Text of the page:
Parents driving their children to school in these areas of the UK could face fines up to £1,000
Nuisance parking at school gates is among the biggest bug bears of parents at schools across the UK and appears some council officials have recognised.
Many local authorities are now looking to enforce fines or bans against offending parents.
In April the Government looked to target dangerous levels of pollution around schools by introducing a £20 daily fine to parents who were parked outside school with their engines running.
Council chiefs in Waltham Forest introduced the fine against ‘anti-idling’ to a local school, with volunteer parents and council officers enforcing the fine.
The council said: “Children breathe in 50 per cent more air per body weight than adults.
“If you are parked outside of school with your engine running, that’s more pollution that the children are breathing into their lungs.”
The ‘School Streets’ initiative is a Hackney council-led scheme being trialled at St John the Baptist C of E primary, Hoxton, and Tyssen community primary, Stamford Hill, according to the Evening Standard.
Feryal Demirci, Hackney’s Cabinet member for neighbourhoods, transport and parks, told the Standard: “Too many children in Hackney are driven to school. It’s bad for air quality and it’s bad for their health.”
St John the Baptist C of E primary, Hoxton is one of two schools trialling the £130 scheme
Restrictions for motorists parking in these areas would apply between 8.30am-9.15am and 3.15am-4pm.
The penalty for drivers caught parking in these areas would be £130, reduced to £65 if the fine is paid within 14 days.
In February a trialling scheme at four primary schools in East London could see parents face up to £1,000 fine
Designated zones will be introduced at four primary schools in Havering, London, which will carry fixed penalty notices if parents are caught parked in them.
Engayne primary school in Upminster is trialling the parking block
If any driver is “seen stopping to drop off or pick up pupils” in these zones, they can receive an on the spot fine of £100.
Drivers who fail to pay this fine within 14 days or clock up three offences, will be prosecuted and could be fined up to £1,000 or a criminal record.
Pick-ups and drop-offs are banned from 8am-9.30am and 2.30pm-4pm.
The scheme was introduced after neighbours complained their drives were being blocked by parents parked, waiting for their kids.
James Oglethorpe in Upminster, Parsonage Farm in Rainham, Wykeham in Hornchurch and Engayne also in Upminster schools were all issed information sheet which said: “Don’t run the risk of a criminal record” adding “any vehicle seen stopping to drop off or pick up pupils during the school run within the designated zone will be monitored by cameras and fixed penalty notices of £100 may be issued”.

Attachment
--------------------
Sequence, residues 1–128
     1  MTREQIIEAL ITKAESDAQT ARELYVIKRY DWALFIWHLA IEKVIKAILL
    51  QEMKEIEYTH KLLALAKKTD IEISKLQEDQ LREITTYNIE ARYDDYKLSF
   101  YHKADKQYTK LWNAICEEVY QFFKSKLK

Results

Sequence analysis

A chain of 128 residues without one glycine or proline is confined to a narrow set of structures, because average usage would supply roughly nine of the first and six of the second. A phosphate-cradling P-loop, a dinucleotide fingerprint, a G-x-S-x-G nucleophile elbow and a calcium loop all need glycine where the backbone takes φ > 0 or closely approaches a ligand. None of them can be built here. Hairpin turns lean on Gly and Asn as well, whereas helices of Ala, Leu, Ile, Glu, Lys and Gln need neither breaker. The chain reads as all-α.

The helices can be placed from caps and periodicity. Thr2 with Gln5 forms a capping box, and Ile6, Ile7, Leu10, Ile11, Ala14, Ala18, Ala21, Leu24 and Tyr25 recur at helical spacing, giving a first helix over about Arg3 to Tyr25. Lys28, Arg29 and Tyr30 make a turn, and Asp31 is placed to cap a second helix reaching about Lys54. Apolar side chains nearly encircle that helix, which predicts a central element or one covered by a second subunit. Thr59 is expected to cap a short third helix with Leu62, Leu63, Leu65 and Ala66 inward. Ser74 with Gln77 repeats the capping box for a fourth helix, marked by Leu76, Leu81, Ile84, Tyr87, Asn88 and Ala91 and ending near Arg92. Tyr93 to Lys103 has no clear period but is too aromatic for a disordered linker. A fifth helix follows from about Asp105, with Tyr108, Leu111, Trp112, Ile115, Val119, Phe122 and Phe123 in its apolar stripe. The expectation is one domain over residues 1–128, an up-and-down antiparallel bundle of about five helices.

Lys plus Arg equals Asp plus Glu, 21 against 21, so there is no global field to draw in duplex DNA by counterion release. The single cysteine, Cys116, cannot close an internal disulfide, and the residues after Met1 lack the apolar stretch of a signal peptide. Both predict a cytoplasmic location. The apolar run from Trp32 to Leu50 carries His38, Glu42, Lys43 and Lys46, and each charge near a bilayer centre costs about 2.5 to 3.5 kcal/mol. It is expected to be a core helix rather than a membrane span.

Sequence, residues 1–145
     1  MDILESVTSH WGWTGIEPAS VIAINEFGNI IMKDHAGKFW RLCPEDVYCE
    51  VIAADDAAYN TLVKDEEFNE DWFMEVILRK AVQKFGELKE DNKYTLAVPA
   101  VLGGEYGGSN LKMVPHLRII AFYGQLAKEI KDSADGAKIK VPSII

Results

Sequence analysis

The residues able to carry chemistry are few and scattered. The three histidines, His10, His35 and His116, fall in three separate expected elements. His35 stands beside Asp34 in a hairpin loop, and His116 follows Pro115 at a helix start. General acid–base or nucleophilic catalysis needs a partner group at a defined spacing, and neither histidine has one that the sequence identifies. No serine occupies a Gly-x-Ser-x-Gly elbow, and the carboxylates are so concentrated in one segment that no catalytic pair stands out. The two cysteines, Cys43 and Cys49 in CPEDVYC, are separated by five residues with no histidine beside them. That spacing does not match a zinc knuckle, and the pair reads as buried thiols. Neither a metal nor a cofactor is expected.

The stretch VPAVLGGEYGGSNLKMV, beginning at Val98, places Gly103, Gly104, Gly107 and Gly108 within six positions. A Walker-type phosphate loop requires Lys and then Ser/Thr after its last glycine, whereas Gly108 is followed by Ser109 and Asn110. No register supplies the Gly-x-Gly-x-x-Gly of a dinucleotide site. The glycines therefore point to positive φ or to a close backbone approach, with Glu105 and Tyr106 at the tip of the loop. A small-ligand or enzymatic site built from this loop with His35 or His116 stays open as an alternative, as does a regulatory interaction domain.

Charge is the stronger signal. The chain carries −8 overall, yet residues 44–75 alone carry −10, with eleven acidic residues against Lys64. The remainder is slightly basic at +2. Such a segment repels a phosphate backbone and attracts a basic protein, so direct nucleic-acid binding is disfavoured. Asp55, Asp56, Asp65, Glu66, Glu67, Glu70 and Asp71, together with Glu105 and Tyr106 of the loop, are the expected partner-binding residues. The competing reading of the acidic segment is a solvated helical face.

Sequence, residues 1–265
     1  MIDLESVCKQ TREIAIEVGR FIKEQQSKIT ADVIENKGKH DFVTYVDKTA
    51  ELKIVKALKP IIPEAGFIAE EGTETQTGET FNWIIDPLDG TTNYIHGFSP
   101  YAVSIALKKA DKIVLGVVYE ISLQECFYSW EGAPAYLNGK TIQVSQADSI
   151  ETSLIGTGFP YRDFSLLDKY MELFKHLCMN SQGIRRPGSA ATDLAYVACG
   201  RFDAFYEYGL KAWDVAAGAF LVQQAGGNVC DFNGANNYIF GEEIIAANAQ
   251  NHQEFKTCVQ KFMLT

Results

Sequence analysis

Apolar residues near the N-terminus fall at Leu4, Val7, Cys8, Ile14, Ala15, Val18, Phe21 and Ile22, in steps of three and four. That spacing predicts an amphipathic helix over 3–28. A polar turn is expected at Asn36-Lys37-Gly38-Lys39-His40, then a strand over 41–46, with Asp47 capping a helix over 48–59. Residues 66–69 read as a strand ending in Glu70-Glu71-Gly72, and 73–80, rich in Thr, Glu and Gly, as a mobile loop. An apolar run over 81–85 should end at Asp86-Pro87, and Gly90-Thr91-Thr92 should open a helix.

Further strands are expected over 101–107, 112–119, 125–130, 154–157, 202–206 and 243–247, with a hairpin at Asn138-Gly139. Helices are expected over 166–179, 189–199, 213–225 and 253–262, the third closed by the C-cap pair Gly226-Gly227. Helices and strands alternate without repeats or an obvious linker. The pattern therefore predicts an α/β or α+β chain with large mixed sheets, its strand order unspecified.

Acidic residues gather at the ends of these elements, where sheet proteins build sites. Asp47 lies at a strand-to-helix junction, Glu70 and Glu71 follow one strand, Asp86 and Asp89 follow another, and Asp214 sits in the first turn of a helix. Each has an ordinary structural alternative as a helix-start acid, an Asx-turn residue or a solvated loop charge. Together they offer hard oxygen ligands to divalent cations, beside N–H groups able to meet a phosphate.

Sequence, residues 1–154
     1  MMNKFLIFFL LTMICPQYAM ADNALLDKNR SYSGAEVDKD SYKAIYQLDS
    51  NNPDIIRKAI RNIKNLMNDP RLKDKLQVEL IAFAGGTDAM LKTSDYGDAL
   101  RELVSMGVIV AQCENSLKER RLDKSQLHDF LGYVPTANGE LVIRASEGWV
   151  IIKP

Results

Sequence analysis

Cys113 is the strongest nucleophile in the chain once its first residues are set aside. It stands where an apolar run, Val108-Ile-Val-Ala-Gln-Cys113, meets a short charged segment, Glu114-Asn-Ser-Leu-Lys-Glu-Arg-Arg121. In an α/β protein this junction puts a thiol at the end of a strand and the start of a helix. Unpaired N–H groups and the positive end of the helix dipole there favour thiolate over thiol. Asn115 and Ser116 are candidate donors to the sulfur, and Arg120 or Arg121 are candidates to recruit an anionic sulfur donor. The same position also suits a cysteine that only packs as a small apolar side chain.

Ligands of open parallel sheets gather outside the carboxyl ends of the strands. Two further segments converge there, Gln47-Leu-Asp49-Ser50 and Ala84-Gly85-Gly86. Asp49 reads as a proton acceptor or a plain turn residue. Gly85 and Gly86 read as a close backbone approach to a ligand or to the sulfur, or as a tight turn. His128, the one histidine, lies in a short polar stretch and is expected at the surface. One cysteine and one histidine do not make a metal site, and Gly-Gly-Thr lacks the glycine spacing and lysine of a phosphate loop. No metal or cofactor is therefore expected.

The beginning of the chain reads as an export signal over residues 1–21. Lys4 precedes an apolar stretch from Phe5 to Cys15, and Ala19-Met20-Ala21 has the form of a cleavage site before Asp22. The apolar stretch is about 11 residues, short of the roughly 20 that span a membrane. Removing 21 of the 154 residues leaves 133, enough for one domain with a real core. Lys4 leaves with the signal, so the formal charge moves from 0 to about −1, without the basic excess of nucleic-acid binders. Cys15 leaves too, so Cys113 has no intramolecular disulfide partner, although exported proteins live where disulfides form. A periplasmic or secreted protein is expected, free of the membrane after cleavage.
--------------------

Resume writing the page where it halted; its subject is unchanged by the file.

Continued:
Schools in Solihull are banning parking during peak times for two years=
From September 2017 Solihull Council will implement a two-year parking ban for traffic from streets around Midlands schools.
The pilot scheme is to clampdown on the amount of illegal parking taking place by school run parents.
The new initiative will see the introduction of car exclusion zones banning vehicles from driving in, out or through the year.
It will be trialled at three primary schools in Solihull, although which schools these will be haven’t been confirmed yet.
Large signs will be placed at the entrance of these zones between 8am and 9am and from 2.30pm to 3.30 pm, with only permit holders, residents, the disabled and emergency services begin exempt.
Any motorist who ignores the rules could land a £70 fine.
A Plymouth police officer issued a warning to parents parking on the yellow zig-zag lines outside Pendeen Crescent off Southway Driver.
He said is a tweet that he would be issuing tickets to anyone who ignored the road making as ‘words of advice’ weren’t working.
Leicester City Council announced that they intended to start using enforcement cameras to police zig zag markings outside schools from June this year.
This was due to parents flouting the rules outside the school and parking in these areas, causing congestion chaos at pick-up and drop-off times.
Drivers who are caught on camera in these restricted areas would receive a £70, reduced to £35 if it is paid within 14 days.
The council drew up a list of the 10 schools worst affected by chaotic an dangerous school-run parking.
Soar Valley College, in Gleneagles Avenue
Crown Hills Community College, in Gwendolen Road
Beaumont Leys School, in Anstey Lane
Coleman Primary, also in Gwendolen Road
Rushey Mead Academy, in Melton Road
Christ the King Infant and Junior, in Glenfield Road
Mellor Primary, in Checketts Road
The Islamic Academy, in London Road
Mayflower Primary, in Evington Drive
Overdale Junior, in Eastcourt Road
It has not been confirmed which of these schools will be trialling the scheme from June.